“The Stuart showroom is staffed with salespeople, just like our other stores, however, it doesn’t have the breadth of product on display,” Lebersfeld clarifies.
The 20,000sq.ft. Boca Raton Capitol Lighting boasts another innovative idea: a freestanding, interactive kiosk prominently placed on the sales floor. Since the Boca location is the chain’s highest-volume store, the kiosk serves as silent salesman when the store is crowded.
“Most customers who come in the store still want to deal with a person at point-of-sale,” Lebersfeld notes. “The kiosk is particularly effective when there is an overflow of customers or when homeowners want to take the time to see all of the configurations and finishes available before narrowing down their selection with a salesperson,” he adds. The kiosk is highly user-friendly and can play the various informational videos Capitol Lighting has on its 1-800-LIGHTING.com site, with topics ranging from 5 Biggest Mistakes in Landscape Lighting, Lighting Controls, and Bedroom Lighting to an introduction to LED lighting.
The educational videos have had a great response with consumers, as have marketing promotions such as the Capitol Lighting’s jingle contest held last fall. Promoted on Capitol Lighting and 1-800-LIGHTING.com’s Facebook and Twitter platforms, the contest drew submissions nationwide with prizes that ranged from a $2,500 grand prize to a second place win of $1,000 plus $750 and $500 certificates for online shopping sprees. Thousands of Facebook and Twitter users voted on the winning videos and were also entered into a sweepstakes. “The jingles were ranked by originality, quality, creativity, realism, excitement, plus consistency with and promotion of the Capitol Lighting brand,” Lebersfeld remarks.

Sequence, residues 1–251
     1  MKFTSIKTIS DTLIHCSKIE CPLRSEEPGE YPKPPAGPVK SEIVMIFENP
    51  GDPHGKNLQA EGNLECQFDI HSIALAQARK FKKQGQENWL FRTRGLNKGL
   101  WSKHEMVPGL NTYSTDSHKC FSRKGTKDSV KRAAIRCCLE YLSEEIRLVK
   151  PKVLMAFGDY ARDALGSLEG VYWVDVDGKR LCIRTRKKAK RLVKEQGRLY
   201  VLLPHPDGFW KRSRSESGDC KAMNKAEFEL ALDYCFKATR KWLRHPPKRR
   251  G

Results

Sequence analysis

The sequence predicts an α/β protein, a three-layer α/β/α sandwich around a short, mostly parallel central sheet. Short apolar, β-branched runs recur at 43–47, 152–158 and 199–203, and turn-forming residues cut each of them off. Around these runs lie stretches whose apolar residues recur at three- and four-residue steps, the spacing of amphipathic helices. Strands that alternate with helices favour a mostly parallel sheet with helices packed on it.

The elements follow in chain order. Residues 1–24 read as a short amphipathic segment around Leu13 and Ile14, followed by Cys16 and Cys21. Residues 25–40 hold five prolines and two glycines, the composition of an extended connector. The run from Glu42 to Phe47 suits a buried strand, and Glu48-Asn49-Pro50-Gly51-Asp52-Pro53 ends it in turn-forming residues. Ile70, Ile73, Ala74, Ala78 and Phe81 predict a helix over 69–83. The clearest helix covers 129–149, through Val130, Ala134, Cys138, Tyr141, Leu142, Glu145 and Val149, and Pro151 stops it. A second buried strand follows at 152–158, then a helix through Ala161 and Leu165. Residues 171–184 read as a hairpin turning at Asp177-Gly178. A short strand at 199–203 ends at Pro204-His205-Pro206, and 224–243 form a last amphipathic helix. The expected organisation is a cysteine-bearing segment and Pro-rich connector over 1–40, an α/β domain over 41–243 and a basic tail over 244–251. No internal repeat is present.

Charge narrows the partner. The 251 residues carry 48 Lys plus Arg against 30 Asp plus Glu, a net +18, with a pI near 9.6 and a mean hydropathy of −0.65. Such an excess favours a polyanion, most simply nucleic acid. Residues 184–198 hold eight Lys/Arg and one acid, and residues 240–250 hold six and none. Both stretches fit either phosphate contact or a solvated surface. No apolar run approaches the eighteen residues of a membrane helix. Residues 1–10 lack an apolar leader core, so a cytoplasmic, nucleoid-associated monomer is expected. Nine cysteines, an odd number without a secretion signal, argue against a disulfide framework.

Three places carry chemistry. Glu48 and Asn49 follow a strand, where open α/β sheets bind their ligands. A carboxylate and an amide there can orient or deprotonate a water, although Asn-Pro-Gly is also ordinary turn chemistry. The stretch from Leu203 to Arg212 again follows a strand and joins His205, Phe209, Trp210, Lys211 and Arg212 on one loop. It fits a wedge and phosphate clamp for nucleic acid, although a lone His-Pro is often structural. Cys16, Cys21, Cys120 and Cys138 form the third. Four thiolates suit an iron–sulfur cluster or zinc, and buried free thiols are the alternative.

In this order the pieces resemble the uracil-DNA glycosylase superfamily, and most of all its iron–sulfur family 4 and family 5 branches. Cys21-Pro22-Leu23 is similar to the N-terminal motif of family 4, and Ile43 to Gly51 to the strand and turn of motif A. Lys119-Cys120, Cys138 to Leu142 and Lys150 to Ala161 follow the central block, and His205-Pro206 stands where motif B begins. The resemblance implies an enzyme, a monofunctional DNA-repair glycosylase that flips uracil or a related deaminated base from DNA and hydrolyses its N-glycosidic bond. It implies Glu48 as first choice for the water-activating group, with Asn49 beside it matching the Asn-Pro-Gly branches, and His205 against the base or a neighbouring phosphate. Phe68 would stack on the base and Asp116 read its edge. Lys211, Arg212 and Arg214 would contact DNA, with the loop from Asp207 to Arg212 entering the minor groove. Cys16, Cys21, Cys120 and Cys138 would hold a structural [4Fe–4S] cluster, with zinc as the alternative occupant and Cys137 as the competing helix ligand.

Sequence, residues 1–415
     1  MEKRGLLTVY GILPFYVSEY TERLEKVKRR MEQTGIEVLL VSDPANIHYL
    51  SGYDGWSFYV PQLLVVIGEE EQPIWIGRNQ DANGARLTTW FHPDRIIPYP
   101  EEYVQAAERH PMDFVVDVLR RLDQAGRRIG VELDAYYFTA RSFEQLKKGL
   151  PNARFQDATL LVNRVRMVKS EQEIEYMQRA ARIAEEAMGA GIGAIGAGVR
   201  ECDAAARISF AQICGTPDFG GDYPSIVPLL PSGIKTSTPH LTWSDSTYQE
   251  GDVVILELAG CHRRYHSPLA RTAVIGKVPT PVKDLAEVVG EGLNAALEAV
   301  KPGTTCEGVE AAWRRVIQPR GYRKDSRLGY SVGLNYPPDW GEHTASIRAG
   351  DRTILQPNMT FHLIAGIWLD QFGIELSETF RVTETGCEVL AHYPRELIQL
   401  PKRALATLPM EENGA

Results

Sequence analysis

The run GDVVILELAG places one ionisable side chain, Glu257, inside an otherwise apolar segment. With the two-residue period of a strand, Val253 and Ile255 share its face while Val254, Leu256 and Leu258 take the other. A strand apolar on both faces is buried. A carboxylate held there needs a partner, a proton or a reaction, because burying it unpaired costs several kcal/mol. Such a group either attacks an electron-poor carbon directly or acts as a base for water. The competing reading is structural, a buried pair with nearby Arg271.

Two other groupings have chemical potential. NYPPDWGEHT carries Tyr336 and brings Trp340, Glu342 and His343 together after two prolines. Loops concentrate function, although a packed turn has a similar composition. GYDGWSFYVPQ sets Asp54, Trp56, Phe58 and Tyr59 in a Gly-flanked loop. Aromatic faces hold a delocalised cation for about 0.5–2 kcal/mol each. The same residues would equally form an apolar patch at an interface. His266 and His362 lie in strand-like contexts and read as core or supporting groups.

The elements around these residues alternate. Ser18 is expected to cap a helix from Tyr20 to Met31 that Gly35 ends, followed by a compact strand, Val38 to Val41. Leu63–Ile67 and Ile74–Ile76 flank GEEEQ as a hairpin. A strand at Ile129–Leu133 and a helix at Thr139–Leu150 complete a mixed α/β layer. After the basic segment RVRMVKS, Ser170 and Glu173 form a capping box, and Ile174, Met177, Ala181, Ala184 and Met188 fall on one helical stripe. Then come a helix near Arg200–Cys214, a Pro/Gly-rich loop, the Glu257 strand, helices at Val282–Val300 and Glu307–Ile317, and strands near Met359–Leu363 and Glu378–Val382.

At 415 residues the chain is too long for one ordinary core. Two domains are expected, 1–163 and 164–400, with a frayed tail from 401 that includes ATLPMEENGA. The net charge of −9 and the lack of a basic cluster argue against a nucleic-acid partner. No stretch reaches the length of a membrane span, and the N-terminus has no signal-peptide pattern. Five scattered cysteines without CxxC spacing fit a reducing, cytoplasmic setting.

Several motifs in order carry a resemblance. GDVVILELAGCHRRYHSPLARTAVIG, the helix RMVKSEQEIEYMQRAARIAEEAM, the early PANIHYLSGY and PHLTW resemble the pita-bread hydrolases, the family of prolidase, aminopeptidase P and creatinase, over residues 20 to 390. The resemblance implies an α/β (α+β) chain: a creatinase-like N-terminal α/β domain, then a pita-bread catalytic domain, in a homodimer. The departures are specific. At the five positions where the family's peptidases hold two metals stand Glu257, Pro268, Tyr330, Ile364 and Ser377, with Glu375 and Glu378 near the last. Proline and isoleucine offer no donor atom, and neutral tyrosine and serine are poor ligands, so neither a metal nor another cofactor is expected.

The fact that the contest received attention in states that did not even have a Capitol Lighting store was confirmation to the Lebersfelds that the 1-800-LIGHTING.com Internet site had indeed become top-of-mind in consumer recognition as a source for lighting.
In addition to reaching out to end consumers, Capitol Lighting spends a lot time and energy communicating with the interior design trade. “It’s all about engagement,” Lebersfeld explains.
This spring the retailer partnered with Florida Design magazine to present a free one-day event called “Design Through Light” for designers at the Boca Raton showroom, complete with hors d’oeuvres and wine. Also part of the festivities, social media expert Georgianne Brown, of Big Couch Media Group, shared strategies on ways interior designers can leverage the power of social media to build their businesses.
What will the future hold? “Change is going to keep happening,” Lebersfeld warns. One needs ongoing vigilance to stay on top. “You have to keep the good things and do away with what’s not working. That is what’s made us a stronger and forward-thinking company,” he adds. “You have to stay relevant and stay connected to your customers while striving to satisfy all of their needs that you can.”
There are no shortcuts. The reasons behind Capitol Lighting’s achievement are simple. “We’ve had passion and dedication to our business starting 85+ years ago with my great-great grandparents. We have a lot of pride in our company. These days you have to become adaptable. We’ve made more changes in the last four years than in the last 40,” Lebersfeld states. “Capitol Lighting, with its many stores, has become a big ship, and as such, it takes a lot to turn it. We will continue to keep scanning the horizon to look for the rocks and alter our course accordingly,” he surmises.